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  • Jancis Robinson
Written by
  • Jancis Robinson
3 Sep 2001
 

Over a bottle of Catalan Vichy water in the early evening sunshine Josep Maria Boix revealed the obvious, but to me hitherto unappreciated, connection between breakfast in an hotel and a cup of coffee at the end of dinner in a restaurant.

'The majority of my guests check out after breakfast, so what we serve at 10am is invariably the lasting impression of their stay with us regardless of what they ate and drank at 10pm the night before. It has to be memorable,' Boix explained. 'More particularly breakfast, I feel, has become a sad and fairly predictable affair in hotels the world over, however grand the location, and it is time to rethink the whole meal.'

Boix, 53, speaks with conviction, confidence and considerable experience. His grandmother and mother were both chefs in the family restaurant in the village in Cerdanya, north-eastern Spain, where he was born and where he cooked until 12 years ago. Then he and his wife stumbled across Torre del Remei, a grand but run-down summer house built in 1910, and began the process of converting it into an ultra-comfortable hotel whose charms are a tribute to his family's good taste, his cooking skills and the bounty of the surrounding Pyrenean countryside. For decades the citizens of Barcelona have kept Cerdanya a closely guarded secret. They came, initially by train, for the summer but many now commute by motorway (it is about 130 kilometres away) to their second homes, and it is not difficult to appreciate why. There is golf, fishing, excellent summer walking in mountain country that rivals Scotland but is much, much warmer, and in the winter there is skiing on 17 pistes within 20 kilometres of the hotel. As a result, Boix explained, his hotel is open 365 days a year: the cause, he added with a smile, of his ample but unquestionably grey head of hair.

The happy combination of countryside and climate, warm in the summer and cold in the winter, provides Boix with the ingredients any city chef just dreams of. 'Between May and November 25 different varieties of wild mushroom come to my kitchen door and then from October onwards there is a fantastic amount of game,' he added.

And that was without taking into account the flourishing vegetable garden at the back of the hotel, fortunately unaffected by its proximity to the hotel's helicopter landing pad. Whilst its produce featured in each of the four meals we enjoyed there, one first course stood out: a plethora of different vegetables - thin leeks, cherry tomatoes, baby fennel, courgettes and onions - briefly sautéed with their inherent sweetness further accentuated by the addition of caramelised almonds.

Boix's calm command of his profession is obvious from just an initial reading of his menu. It is not every chef/proprietor for example who is prepared to share the credit at the bottom of his menu with the head chef, pastry chef and restaurant manager, each part of an obviously young team that seems to thrive in the calm of the hotel and its grounds.

This combination of youth and experience allows the kitchen to produce a rack of Iberian suckling pig with crackling and a confit of leg of milk-fed lamb with wild mushrooms that would have delighted Boix's grandmother. But there is a succession of far more innovative dishes, a vichysoisse with fresh clams and apple sorbet, a millefeuilles of courgettes and aubergines with fresh sardines and a tomato soup with water melon, langoustines and black olives, the soups dramatically poured at the table from teapots, which showed just how Boix is breaking new ground and why this region of Spain with Boix, Ferran Adrià at El Bulli near Rosas, Santi Santimaria at El Raco de Can Fabes in Sant Celoni and Carmen Ruscadella at Sant Pau in Sant Pol de Mar is rapidly emerging as possibly the most exciting restaurant region in Europe.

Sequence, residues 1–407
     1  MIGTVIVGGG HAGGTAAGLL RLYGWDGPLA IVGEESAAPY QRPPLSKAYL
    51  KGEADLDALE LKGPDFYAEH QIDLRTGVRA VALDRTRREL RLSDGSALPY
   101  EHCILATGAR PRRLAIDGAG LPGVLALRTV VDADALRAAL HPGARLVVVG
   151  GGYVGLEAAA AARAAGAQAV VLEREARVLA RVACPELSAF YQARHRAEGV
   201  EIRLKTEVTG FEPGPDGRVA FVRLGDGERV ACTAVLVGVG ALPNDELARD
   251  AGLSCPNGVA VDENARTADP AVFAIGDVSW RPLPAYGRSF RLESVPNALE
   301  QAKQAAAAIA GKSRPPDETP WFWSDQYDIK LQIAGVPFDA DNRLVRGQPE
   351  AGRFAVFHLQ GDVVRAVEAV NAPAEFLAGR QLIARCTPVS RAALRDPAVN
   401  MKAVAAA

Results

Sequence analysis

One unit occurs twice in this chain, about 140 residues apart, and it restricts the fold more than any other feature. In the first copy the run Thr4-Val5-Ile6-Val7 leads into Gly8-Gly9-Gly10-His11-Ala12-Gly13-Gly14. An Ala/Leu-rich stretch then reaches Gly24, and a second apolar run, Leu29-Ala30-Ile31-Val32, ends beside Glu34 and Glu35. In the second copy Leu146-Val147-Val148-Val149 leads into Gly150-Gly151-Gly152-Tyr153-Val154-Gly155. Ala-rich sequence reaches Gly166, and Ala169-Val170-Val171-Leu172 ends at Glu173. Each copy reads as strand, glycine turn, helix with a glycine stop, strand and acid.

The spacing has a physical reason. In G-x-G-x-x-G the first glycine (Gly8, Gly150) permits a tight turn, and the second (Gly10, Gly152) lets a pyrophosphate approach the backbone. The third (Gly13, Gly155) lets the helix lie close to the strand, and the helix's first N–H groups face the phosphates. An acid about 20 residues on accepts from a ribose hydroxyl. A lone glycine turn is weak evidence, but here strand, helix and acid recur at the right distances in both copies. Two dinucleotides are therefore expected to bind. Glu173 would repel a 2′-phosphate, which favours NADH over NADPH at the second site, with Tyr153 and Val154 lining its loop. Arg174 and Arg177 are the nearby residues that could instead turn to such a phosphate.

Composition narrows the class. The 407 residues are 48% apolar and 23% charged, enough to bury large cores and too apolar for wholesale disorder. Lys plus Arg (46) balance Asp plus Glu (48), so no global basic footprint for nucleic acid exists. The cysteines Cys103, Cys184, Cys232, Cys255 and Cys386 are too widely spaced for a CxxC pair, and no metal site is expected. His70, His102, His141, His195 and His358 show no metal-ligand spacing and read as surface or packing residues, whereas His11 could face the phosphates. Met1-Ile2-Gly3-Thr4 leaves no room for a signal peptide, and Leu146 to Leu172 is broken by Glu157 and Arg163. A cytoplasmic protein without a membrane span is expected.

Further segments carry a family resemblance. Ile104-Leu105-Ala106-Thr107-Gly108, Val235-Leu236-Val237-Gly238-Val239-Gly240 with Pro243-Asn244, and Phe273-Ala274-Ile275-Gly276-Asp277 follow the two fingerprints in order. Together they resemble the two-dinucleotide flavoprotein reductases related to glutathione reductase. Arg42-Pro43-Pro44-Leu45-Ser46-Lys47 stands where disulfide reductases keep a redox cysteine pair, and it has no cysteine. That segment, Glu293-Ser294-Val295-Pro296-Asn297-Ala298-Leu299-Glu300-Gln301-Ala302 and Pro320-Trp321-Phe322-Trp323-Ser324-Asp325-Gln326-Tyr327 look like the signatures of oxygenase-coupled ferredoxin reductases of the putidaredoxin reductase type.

And so to Boix's breakfast. Alongside freshly squeezed orange juice came two other fruit drinks, a blend of kiwi fruit and apple on the first day and of pineapple and coconut on the second, each beautifully served in miniature glass pitchers. An offer of eggs resulted in not a plate but a small coddle dish with a screw lid that contained scrambled eggs together with finely diced pieces of the local, highly renowned ham which not only tasted delicious but resolved that age-old pitfall of eggs at breakfast - that they appear either greasy, cold or both.

Because Torre del Remei is small, with only 12 very comfortable bedrooms (all of which catch the baking aromas from the kitchen), the room rate is relatively high, but the prices in the restaurant are extremely good value not just for the expertise of the cooking on offer but also for the generosity of the portions.

And there are a number of French wine bargains to be had, notably Bordeaux from the early 1980s and Rhônes from the excellent 1989 vintage, including a thoroughbred Côtes du Rhône Villages from Domaine Sainte Anne that was outrageously good for less than £10 a bottle.

Torre del Remei left strong impressions: of a highly professional yet personally run hotel; of a kitchen in touch with its surrounding countryside; and of just how exciting hotel breakfasts can be. But most resonant were Boix's final words, that if the summer sunshine made the Cerdanyan countryside so appealing I ought to return in October when, according to this native expert, it changes colour every hour.

Torre del Remei, Cami Reial 17539, Bolvir de Cerdanya (Girona), Spain
Tel +34 972 140182, Fax +34 972 140449, Email: t.remei@retemail.es
Rooms from £100, dinner £40